My parents came to visit from Nov 3-Nov 14 and we had a wonderful time. Mike and I even visited some sites we hadn't been, like the Duomo roof.
Unfortunately, the rest of the entry won't have pictures since Mike caught me trying to steal his camera.
After Milan we took a 2.5 hour train to Venice. It was pretty much what I expected it to be: unique. There's nothing like it. But I wouldn't want to live there. Apparently there are more tourists each day than residents, and the effects of this are obvious: you have to look really hard to find a shop that doesn't cater to tourists as its main target, and this means ignoring countless Venetian mask and trinket stores while spending extra long trying to find what a quality meal. That being said, many of the restaurants offer a tourist menu of three courses for a reasonable-for-Italy price of about $15-20 each. If you go to a normal Italian restaurant and order three courses, you're looking at about another $10 each.
Anyway, St. Mark's was awesome. It's a beautifully golden-mosaic'ed Basilica, large enough to impress from the outside but structured so as to remain intimate inside. Probably my favorite church in Italy so far, and by no coincidence it houses St. Mark, my Confirmation saint. Also, Don ("Father" in Italian) Giuseppe led me through the sacristy to a small chapel in the back for 8:00 am daily Mass. How many people get to do that? Yet another benefit of going to daily Mass. (And thanks to Fr. Bill and Fr. Gareth for emphasizing the main points back in freshman year at the UMD Catholic Student Center.)
Assisi was next on the list. All three of us were captivated by the time-travelled medieval aura almost as soon as we arrived. There were very few people around, which isn't a surprise given that this mountain-top city's population is only about 30,000. The few lights enhanced the feeling as we walked through narrow stone alleys gazing at buildings probably dating 200-1000 years old.
During the day, Assisi retains its charm but can't hide the touristy shops that keep the town financially afloat. It's easy to forgive their presence, though, since the Basilica of St. Francis is open only during the day. The massive church houses Giotto's famous frescos comparing the lives of St. Francis and Jesus, along with St. Francis' body in a lower-level tomb.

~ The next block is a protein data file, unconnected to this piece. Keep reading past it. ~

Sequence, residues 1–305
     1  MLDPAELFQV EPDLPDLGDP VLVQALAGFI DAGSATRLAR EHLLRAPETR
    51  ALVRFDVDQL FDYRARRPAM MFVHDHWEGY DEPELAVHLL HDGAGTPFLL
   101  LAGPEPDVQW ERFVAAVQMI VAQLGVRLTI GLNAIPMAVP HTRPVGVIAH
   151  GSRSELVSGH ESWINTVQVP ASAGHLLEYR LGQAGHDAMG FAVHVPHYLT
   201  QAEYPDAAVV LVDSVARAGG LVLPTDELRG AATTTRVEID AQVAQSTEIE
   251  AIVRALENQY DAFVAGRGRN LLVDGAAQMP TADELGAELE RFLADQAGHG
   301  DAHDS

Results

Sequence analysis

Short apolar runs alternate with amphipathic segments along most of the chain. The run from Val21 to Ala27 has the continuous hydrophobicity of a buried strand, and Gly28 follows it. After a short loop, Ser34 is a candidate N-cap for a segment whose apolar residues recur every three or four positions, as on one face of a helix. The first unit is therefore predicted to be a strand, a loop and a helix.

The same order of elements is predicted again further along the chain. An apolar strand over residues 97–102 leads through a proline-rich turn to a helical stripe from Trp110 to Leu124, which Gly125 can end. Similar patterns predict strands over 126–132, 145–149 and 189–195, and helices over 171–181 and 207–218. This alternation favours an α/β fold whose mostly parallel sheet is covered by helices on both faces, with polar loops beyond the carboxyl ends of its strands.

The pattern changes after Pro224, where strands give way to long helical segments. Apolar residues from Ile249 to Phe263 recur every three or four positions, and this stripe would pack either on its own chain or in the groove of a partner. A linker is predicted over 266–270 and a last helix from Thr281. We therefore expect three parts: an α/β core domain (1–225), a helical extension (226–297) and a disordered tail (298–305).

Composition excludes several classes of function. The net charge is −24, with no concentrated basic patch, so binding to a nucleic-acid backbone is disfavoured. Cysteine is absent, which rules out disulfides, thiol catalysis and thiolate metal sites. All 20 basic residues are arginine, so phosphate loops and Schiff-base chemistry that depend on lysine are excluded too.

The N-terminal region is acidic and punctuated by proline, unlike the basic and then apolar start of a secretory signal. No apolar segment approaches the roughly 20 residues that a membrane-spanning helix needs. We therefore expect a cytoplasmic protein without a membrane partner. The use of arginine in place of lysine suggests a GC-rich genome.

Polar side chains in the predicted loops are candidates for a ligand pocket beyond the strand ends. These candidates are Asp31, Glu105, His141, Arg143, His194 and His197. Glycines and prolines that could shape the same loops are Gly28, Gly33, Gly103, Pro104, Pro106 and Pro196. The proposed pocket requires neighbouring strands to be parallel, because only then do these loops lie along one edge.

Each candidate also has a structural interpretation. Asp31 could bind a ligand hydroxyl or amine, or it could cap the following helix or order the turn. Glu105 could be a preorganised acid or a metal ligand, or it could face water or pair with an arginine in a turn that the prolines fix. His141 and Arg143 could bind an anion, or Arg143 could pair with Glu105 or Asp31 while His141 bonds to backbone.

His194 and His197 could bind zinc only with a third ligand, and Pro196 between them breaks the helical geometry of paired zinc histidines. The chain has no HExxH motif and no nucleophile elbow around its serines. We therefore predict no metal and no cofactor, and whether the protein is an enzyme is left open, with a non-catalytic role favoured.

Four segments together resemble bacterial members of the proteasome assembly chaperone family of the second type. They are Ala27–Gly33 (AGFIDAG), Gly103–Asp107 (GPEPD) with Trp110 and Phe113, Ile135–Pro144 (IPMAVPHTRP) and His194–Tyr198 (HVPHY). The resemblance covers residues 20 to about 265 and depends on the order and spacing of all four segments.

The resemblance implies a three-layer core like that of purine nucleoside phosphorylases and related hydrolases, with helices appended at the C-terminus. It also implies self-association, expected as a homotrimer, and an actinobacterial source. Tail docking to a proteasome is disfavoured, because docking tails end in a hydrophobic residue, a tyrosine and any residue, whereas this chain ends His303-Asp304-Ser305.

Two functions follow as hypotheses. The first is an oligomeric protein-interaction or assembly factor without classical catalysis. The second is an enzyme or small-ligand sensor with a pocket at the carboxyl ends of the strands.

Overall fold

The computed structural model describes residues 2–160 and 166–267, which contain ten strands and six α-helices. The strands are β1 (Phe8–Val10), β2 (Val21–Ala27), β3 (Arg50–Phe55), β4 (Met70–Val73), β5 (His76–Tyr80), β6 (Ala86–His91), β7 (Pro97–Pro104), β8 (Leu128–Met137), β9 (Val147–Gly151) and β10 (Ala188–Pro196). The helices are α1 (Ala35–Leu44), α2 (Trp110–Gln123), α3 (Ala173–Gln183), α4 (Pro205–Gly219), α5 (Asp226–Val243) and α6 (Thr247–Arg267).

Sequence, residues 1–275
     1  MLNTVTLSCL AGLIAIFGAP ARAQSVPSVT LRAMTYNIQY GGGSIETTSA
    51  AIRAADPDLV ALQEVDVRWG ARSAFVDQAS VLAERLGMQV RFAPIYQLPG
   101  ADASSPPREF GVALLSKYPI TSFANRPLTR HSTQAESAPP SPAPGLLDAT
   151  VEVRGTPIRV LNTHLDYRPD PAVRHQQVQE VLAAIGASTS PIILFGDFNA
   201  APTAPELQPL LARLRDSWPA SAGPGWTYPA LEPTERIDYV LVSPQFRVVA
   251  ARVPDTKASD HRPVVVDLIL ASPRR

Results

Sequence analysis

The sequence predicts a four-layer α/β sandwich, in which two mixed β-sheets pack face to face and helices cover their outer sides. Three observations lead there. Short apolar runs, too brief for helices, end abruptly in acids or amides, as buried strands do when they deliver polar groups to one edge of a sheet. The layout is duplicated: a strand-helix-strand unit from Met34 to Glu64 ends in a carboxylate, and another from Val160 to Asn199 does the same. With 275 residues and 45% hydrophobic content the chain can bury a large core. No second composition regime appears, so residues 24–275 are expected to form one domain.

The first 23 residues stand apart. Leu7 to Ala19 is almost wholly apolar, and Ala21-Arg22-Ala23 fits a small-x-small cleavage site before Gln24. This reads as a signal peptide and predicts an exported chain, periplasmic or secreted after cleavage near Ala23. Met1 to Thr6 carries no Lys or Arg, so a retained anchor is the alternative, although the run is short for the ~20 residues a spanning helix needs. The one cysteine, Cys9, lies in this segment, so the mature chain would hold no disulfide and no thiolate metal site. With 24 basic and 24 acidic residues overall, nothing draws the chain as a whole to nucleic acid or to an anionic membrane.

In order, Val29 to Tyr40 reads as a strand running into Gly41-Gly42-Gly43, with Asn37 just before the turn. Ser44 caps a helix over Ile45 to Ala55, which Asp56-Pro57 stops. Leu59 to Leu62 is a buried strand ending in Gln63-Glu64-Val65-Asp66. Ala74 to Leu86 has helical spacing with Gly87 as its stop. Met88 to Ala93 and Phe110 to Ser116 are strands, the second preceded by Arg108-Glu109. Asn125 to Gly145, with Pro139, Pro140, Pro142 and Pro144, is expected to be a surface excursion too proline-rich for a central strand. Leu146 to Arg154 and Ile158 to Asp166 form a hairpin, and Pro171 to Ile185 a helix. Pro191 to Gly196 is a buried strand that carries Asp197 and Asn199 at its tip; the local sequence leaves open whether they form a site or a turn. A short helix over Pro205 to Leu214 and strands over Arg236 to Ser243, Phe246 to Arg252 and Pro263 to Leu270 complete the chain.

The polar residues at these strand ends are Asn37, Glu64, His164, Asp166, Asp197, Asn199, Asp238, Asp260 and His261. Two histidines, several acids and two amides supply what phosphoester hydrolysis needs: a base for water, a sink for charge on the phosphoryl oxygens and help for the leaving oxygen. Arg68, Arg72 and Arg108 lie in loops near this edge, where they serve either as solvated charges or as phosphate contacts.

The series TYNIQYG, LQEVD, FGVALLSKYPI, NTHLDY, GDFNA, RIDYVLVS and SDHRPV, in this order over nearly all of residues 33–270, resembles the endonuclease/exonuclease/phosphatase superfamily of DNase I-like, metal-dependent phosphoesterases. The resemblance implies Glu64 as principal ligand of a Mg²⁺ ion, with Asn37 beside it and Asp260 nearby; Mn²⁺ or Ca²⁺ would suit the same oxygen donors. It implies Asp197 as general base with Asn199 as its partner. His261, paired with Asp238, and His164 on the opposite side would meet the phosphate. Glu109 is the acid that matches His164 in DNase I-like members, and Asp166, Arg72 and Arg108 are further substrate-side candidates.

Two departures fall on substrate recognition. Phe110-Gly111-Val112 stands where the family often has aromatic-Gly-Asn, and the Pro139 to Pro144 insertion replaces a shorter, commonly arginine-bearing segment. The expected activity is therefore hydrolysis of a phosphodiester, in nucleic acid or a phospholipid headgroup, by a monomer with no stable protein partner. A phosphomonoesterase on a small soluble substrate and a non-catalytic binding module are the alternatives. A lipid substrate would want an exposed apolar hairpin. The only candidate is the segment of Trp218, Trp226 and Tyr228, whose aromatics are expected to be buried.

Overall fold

If you go to Italy, go to Assisi.
Rome was last, and although I had seen much of it already, was still enjoyable as every visit is an opportunity for prayer, education, and graces for saying hi to the many saints buried here. We also had a great tour of Palatine Hill, the original foundation of the Eternal City, which was fortunate because the first tour I had a few months ago left me wondering why the site was even on the map. It's hit or miss with the Colosseum-Palatine combo tours in English.
A few points on studying abroad and parents: it's very easy to get frustrated, restless, and complacent as the study abroad period comes to a close, especially when you haven't had much time to study the language and therefore really get to know the native people and culture. But sometimes you're reminded of the practical side of things-- the experience should be fun, educational, and in every way valuable, but often has to be made, not merely expected-- by those on the outside. In this case my parents are to be thanked.
Also, on this the Solemnity of the Immaculate Conception, a shout out to Mary, Mother of God and the Church, who always brings us to her son. Happy ~2025th Immaculate Conception Day!